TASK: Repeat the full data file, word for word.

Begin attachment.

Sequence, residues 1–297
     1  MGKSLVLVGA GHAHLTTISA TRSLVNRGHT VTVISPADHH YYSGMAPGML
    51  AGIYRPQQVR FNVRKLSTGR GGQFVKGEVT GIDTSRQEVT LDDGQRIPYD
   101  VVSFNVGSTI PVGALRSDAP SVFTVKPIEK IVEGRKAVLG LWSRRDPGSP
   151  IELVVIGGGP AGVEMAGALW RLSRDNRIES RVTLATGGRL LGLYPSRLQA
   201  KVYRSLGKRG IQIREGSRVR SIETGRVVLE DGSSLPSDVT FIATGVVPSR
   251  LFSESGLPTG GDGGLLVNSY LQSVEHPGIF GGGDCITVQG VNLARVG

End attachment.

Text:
Sequence, residues 1–297
     1  MGKSLVLVGA GHAHLTTISA TRSLVNRGHT VTVISPADHH YYSGMAPGML
    51  AGIYRPQQVR FNVRKLSTGR GGQFVKGEVT GIDTSRQEVT LDDGQRIPYD
   101  VVSFNVGSTI PVGALRSDAP SVFTVKPIEK IVEGRKAVLG LWSRRDPGSP
   151  IELVVIGGGP AGVEMAGALW RLSRDNRIES RVTLATGGRL LGLYPSRLQA
   201  KVYRSLGKRG IQIREGSRVR SIETGRVVLE DGSSLPSDVT FIATGVVPSR
   251  LFSESGLPTG GDGGLLVNSY LQSVEHPGIF GGGDCITVQG VNLARVG